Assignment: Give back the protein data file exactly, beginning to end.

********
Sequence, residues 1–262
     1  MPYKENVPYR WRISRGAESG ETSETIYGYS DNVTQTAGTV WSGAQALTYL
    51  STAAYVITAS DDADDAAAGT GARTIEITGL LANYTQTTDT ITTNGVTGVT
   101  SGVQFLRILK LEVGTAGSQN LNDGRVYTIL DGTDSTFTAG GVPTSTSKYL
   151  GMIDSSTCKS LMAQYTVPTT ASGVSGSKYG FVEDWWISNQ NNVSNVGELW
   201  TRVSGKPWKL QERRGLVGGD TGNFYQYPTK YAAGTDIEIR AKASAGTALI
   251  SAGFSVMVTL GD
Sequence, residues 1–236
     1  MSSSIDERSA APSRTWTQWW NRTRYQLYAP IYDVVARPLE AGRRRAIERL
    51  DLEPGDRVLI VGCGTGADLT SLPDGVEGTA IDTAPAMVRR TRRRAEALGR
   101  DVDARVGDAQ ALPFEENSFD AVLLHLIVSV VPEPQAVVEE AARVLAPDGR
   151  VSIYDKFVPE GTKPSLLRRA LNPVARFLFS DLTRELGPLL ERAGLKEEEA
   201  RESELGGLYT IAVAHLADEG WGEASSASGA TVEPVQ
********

Sequence, residues 1–262
     1  MPYKENVPYR WRISRGAESG ETSETIYGYS DNVTQTAGTV WSGAQALTYL
    51  STAAYVITAS DDADDAAAGT GARTIEITGL LANYTQTTDT ITTNGVTGVT
   101  SGVQFLRILK LEVGTAGSQN LNDGRVYTIL DGTDSTFTAG GVPTSTSKYL
   151  GMIDSSTCKS LMAQYTVPTT ASGVSGSKYG FVEDWWISNQ NNVSNVGELW
   201  TRVSGKPWKL QERRGLVGGD TGNFYQYPTK YAAGTDIEIR AKASAGTALI
   251  SAGFSVMVTL GD
Sequence, residues 1–236
     1  MSSSIDERSA APSRTWTQWW NRTRYQLYAP IYDVVARPLE AGRRRAIERL
    51  DLEPGDRVLI VGCGTGADLT SLPDGVEGTA IDTAPAMVRR TRRRAEALGR
   101  DVDARVGDAQ ALPFEENSFD AVLLHLIVSV VPEPQAVVEE AARVLAPDGR
   151  VSIYDKFVPE GTKPSLLRRA LNPVARFLFS DLTRELGPLL ERAGLKEEEA
   201  RESELGGLYT IAVAHLADEG WGEASSASGA TVEPVQ